The Premier League is currently the least of Queen of the South’s worries. Jim Rutherford reports
IT'S A RARE DAY when Queen of the South steal the headlines in the Scottish press. But the Dumfries outfit enjoyed their 15 minutes of fame recently. Unfortunately, it came for all the wrong reasons as the club found themselves splashed all over the tabloids because of their manager’s marital problems.
It emerged that Rowan Alexander had split up with his wife and set up home at the club’s offices, where he was sleeping on a camp bed. As the Scottish Sun put it, Wife: It’s Football Or Me. Boss: I’ll Sleep At The Ground. With the team sitting second bottom of the Second Division and knocked out of the Scottish Cup by Ross County, there was worse to follow for Alexander the day after the story broke, when the board relieved him of his post after three years in charge.
It was a sorry end to a spell which had seen a run to the final of the Challenge Cup (the equivalent of the Auto Windscreens) in 1997 and a serious challenge for promotion to the First Division the same season. Those achievements had at least gone some way to injecting optimism into a club starved of celebrations for years.
Like all small Scottish clubs, any success for Queen of the South is a triumph over adversity. Back in the Thirties and Fifties, the club were regulars in Scottish football’s top flight, and in 1953 they even led the league until Christmas. But more recent times have seen a period of decline which has never looked likely to be reversed.
The club used to compete on a regular basis with the likes of Falkirk, Kilmarnock and St Johnstone, and they still aspire to First Division status. But while they have a large slice of Scotland to draw upon for support, they share the problem of all the clubs outside the central belt – convincing players to come here.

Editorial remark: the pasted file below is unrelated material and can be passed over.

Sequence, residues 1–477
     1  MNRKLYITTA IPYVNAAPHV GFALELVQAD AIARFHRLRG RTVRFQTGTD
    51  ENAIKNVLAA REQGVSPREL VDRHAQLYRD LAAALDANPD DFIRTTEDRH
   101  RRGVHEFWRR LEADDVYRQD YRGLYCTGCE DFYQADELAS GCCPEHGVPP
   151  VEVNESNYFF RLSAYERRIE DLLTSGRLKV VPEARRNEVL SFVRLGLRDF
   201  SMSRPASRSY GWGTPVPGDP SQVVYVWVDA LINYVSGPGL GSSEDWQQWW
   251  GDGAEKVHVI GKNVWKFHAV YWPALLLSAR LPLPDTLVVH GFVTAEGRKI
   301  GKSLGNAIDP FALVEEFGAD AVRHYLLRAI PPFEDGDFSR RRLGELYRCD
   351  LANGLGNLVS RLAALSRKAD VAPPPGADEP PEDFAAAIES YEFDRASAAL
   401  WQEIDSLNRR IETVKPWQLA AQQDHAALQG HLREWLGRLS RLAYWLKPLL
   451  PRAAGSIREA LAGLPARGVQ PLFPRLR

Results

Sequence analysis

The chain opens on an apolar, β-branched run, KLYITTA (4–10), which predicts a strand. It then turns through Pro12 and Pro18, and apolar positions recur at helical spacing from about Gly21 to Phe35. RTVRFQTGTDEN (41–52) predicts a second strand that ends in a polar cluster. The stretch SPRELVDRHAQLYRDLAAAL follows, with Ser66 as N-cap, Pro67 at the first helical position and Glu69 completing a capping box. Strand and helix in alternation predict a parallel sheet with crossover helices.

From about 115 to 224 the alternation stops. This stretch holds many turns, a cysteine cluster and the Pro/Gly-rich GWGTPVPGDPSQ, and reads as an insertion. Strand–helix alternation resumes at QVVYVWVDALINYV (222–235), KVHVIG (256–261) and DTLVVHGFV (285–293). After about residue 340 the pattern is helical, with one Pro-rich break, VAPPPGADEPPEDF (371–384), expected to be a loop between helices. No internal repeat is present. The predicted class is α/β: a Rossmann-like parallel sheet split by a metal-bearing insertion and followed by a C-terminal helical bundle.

The fans heaped much of the blame on former chairman Willie Harkness, who ran the club for almost 30 years. By the beginning of the Nineties, crowds had dwindled to just a few hundred, who typically spent most of their afternoon shouting for Harkness to go. Eventually he obliged but left his successor with an enormous headache. Local chemist Norman Blount took over a club hopelessly ill-equipped to compete with the big boys, with a small home support and no guarantee of transfer fees for talented youngsters thanks to the Bosman ruling.
The plans for the Scottish Premier League could crush the last crumb of comfort for Queens supporters. Even if the Doonhamers unearthed the best talent in Scotland and returned to their glorious form of the Fifties they would be left out in the cold because their Palmerston Park stadium is a long way short of the standard required for entry.
There are, of course, more pressing concerns, like avoiding the drop into Third Division oblivion. Dodging relegation would be a great achievement for the temporary management team of experienced players George Rowe and Ken Eadie but it would still leave Queens with a tricky future.
The only chance, perhaps, is that as the big boys neglect the domestic market it will leave some young talent available for the rest. If more youngsters can be persuaded to play regularly at Palmerston rather than collecting fat cheques for sitting in the stand at Parkhead or Ibrox there is still a glimmer of hope. Otherwise, the only fame that awaits Queens is of the dubious kind visited upon them recently by the tabloid press.
From WSC 145 March 1999. What was happening this month